Over the past 40 years, New Zealand Pinot Noir has gone from strength to strength to become a serious player on the world stage. New Zealand now produces Pinot that is truly world-class, combining old-world production with new world flair, without the prohibitive price point of a Burgundy.

Why is New Zealand Pinot Noir so successful? Compared to other new world wine regions, our Pinot Noir is vibrant yet restrained in character. Not overly manipulated, extracted or oaked and with lovely fruit, as our vines mature, our wines are developing more depth and complexity.

The secret is our oceanic climate, clean air and rich, diverse soils. From as far north as Auckland to the deep south of Central Otago, Pinot grows everywhere. There are several distinct regions and sub-regions, each with their own unique terroir and climate, providing vineyards with a unique point of difference.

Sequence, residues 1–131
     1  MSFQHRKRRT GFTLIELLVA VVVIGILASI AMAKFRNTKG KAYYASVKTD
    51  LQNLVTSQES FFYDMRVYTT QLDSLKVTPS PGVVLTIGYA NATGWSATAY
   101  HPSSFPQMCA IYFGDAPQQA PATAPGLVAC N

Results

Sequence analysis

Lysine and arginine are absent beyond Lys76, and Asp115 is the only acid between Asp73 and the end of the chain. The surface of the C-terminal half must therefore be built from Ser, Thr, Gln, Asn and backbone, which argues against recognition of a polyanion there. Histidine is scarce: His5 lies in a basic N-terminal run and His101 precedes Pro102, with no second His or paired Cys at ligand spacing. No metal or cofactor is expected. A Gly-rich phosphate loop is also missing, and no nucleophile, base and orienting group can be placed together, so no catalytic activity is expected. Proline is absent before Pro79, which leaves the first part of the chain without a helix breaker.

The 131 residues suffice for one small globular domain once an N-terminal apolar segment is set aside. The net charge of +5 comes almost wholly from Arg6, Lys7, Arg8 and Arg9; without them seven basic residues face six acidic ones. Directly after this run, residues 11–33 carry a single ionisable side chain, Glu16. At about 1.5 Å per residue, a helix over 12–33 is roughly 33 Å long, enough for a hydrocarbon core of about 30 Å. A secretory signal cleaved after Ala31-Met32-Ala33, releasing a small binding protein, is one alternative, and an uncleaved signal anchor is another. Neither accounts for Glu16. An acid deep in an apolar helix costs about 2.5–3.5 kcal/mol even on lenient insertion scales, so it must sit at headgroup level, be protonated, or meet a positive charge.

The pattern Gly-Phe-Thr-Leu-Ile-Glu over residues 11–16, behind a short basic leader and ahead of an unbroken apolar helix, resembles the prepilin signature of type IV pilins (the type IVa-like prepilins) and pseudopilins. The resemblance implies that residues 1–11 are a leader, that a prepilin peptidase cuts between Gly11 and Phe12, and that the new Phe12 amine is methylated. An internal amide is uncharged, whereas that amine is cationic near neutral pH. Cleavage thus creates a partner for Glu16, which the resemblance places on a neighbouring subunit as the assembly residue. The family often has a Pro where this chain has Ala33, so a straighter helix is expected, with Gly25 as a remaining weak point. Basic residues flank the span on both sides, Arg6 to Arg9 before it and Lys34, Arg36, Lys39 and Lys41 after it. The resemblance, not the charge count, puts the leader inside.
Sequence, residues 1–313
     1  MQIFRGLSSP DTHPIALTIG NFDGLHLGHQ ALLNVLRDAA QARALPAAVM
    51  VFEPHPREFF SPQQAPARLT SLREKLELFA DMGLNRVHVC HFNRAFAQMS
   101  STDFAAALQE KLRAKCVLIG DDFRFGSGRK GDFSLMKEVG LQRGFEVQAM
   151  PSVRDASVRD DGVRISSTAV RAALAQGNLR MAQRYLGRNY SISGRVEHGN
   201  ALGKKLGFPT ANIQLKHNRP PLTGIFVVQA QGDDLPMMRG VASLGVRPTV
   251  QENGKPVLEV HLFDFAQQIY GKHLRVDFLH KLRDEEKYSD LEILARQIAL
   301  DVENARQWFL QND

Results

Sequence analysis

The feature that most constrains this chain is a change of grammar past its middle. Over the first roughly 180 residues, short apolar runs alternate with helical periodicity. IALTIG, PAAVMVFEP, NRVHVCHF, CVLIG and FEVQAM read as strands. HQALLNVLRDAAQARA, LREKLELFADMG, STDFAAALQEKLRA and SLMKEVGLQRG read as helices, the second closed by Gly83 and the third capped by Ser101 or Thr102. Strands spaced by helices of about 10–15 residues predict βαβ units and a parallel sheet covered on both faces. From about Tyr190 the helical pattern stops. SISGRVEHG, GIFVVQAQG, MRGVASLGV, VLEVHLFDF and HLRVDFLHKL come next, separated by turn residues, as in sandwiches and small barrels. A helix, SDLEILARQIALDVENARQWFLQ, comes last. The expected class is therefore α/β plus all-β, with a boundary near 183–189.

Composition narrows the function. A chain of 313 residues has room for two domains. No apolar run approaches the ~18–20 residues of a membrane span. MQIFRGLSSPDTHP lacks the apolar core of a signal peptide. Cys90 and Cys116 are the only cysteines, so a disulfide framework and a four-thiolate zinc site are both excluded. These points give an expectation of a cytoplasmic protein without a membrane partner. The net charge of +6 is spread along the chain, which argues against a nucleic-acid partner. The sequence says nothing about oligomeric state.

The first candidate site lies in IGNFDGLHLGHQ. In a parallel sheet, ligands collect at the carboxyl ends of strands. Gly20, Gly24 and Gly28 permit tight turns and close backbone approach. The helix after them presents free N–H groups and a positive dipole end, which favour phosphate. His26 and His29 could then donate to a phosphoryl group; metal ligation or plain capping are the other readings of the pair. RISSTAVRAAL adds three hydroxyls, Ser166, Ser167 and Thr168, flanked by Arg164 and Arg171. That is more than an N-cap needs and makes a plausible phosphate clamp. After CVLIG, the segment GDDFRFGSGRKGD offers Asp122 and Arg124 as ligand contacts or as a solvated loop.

Don’t take our word for it. Tina Gellie from Decanter Magazine wrote, “New Zealand has developed a reputation for the quality of its Pinot Noir in recent years, and they can offer great value for money compared to the old world competition”.

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When it comes to New Zealand reds, Pinot Noir might be the reigning king however Syrah is hot on its tail; quietly emerging as a force to be reckoned with – particularly for collectors and those who favor bolder reds. Complex, spicy, and supple New Zealand Syrah is one to watch.